Some breeds are predisposed to being overweight but really there should be no excuse.

Lets try to reduce those kilos and have a Happy Healthy New Year .

Saturday, 7 January 2012

Rearing a litter on Raw Feeding

A letter from a happy customer:
I have just reared my first litter of puppies on a RMB diet. I breed Whippets in a very small way & only have a litter every 2 years or so. 
Mother Wispa is just 2 years old and this is her 1st litter. She had 5 pups - 4 bitches & 1 dog in 1 hour 20 minutes - no problems.
Wispa fed the litter for 8 weeks, usually my whippets give up at 3/4 weeks when I start feeding the pups. She was just so happy popping in to feed them - she always demanded her meal 1st! She produced so much milk and the pups did not pull her around. At 9 weeks she is still in show condition!
I started feed the pups Nurturing by Nature raw chicken mince at about 3 1/2 weeks only giving a couple of feeds in the first week. Easy puppy rearing - less mess to clear up. 
I just fed Nurturing by Nature minced chicken and bone and Nettie's chicken mix trays plus some liver or Ox heart from the supermarket, then chicken carcass when I though the pups were big enough. I remember one morning I gave half a carcass to Wispa & she was determined to take it to her pups - Mother knows best!!
Now most of the pups have gone to their new homes - I am keeping one. I am happy I gave them the best start I could. I sent them off with packs of Nurturing by Nature minced meats - it is up to the new owners now. 
I know what I shall be feeding mine for her life!

Tuesday, 15 November 2011

Skye's eye View - Chocolate & Christmas


Hullo everyone, let me introduce myself, I am Skye a 12 year old Westie. My Mum, Summer and I all work together. We are so lucky to go to work with our lovely ‘Mum’.  We live an active life, and live in Dorset, a beautiful part of the country & our walks are just amazing.  I have to admit that I am not as speedy as I used to be and Summer, who lost an eye early this year definitely isn’t as fast as she used to be. Squirrels are safer but we still give them a run for their nuts!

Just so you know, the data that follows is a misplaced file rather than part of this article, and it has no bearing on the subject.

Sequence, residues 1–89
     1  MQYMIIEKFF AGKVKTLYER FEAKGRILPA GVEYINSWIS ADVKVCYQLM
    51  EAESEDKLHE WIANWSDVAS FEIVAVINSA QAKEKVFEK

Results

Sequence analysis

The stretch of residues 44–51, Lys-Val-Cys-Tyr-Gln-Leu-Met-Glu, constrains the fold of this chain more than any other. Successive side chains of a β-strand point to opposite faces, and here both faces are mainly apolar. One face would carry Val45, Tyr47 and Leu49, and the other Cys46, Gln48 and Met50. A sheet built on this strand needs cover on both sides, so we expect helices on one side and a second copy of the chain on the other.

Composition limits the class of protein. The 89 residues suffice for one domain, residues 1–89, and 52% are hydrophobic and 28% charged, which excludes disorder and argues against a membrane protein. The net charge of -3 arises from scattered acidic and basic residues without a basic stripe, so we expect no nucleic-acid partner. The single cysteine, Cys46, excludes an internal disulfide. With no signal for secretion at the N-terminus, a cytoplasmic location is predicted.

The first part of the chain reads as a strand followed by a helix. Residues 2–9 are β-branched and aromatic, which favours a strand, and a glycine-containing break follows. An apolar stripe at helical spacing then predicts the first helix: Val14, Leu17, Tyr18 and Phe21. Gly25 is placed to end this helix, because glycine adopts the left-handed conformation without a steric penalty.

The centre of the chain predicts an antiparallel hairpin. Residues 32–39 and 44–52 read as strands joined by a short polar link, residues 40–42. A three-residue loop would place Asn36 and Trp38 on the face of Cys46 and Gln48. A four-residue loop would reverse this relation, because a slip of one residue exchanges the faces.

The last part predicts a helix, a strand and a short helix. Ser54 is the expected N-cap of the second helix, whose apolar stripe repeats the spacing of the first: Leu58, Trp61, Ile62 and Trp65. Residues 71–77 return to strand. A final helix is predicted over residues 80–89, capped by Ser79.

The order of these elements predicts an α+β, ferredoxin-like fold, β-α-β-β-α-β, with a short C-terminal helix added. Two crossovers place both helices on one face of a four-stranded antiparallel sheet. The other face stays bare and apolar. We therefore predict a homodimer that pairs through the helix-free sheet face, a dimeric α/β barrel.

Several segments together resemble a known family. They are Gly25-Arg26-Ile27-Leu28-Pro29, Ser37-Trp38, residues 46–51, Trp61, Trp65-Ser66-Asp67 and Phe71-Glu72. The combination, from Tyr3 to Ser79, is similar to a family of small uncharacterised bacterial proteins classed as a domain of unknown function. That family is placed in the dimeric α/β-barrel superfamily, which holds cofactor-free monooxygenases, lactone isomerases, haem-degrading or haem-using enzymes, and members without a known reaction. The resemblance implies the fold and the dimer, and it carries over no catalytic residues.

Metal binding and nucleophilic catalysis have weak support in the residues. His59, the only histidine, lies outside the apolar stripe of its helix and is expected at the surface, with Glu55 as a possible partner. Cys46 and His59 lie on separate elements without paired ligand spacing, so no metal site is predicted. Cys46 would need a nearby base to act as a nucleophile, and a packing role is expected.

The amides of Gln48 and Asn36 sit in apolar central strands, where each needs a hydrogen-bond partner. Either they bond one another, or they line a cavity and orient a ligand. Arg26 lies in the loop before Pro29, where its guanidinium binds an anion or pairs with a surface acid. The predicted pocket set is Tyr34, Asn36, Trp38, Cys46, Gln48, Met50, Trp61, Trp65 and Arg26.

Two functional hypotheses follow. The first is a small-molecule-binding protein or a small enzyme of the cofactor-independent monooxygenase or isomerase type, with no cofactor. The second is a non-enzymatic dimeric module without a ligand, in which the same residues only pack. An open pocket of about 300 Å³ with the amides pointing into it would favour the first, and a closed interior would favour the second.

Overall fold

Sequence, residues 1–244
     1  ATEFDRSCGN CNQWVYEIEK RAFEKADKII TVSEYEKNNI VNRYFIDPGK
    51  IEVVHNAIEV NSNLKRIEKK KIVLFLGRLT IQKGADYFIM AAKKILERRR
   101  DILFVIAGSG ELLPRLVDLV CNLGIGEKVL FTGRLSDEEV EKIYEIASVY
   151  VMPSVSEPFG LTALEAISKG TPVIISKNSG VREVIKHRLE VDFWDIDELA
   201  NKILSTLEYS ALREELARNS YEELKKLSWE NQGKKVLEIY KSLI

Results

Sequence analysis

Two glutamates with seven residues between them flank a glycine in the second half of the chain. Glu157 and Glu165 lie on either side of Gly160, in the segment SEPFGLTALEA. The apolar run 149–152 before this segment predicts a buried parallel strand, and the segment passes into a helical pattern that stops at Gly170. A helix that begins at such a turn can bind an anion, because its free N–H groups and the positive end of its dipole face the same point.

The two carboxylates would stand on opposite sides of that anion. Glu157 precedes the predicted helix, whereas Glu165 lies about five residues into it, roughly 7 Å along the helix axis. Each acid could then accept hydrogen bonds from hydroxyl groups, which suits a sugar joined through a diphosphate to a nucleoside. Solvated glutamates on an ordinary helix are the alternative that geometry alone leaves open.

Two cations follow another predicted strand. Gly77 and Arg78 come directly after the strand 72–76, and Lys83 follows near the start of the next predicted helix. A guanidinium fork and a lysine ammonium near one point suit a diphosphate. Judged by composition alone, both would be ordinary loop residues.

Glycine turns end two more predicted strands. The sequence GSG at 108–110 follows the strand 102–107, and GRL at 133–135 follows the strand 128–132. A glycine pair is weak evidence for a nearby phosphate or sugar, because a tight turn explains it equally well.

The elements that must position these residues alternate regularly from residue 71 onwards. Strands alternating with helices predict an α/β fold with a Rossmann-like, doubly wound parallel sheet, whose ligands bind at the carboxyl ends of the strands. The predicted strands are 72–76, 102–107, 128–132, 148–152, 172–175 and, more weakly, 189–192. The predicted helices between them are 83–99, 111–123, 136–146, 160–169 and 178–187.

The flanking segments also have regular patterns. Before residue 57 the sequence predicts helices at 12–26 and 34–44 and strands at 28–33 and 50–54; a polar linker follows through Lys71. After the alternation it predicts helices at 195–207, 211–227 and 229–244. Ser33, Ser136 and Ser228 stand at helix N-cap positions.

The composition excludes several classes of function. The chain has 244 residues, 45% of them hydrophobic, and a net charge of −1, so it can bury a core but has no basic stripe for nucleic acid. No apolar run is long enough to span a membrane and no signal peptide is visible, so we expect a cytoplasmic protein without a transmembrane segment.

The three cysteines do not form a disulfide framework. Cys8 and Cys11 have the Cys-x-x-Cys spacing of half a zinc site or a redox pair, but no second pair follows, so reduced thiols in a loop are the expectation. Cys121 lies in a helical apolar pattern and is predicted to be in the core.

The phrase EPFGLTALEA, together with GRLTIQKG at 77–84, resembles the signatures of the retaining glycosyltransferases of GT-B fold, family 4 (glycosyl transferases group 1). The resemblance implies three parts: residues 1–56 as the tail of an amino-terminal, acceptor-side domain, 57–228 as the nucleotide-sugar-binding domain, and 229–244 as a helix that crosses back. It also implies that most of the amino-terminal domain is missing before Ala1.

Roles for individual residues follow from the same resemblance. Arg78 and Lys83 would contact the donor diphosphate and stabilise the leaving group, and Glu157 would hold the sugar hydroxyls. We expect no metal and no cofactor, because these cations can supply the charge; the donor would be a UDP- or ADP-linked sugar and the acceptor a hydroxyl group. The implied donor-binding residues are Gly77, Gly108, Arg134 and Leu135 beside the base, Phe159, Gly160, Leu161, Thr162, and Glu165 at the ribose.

With the approach of Christmas shopping and the Festive season I thought it a good idea to remind all you owners how bad Chocolate is for us canines.

Chocolate poisoning can be fatal and the onset of clinical signs usually occur within 24 hours, effects may last as long as 72 hours.

Theobromine is the toxic agent in chocolate and cocoa powder. The therobromine concentration varies with different types of chocolate.

White chocolate is the least concentrated

Drinking chocolate

Milk chocolate

Plain chocolate

Cocoa powder is the most concentrated

Some of the visible signs are vomiting, excessive drinking, restlessness, salivation, excitability and hyperactivity.In severe cases diarrhoea, urinary incontinence and convulsions as well as muscle rigidity and circulatory failure may occur.

Wow not to be treated lightly! Of course foods such as chocolate muffins, biscuits, cakes and Easter eggs are all to be kept out of our reach!!

If any of us manage to help ourselves to Chocolate please seek Veterinary advice, but the best way to prevent any temptation is to keep all cupboards tightly shut.

Other festives foods to keep out of our reach is;

Christmas cake, mince pies, Dundee cake, all containing huge quantities of dried fruit, NOT GOOD FOR US either.

So luckily for your humans you get to keep all the lovely chocolate and not share it with your four legged friends, for our sake!!

Sniffs & Kisses, Skye xxx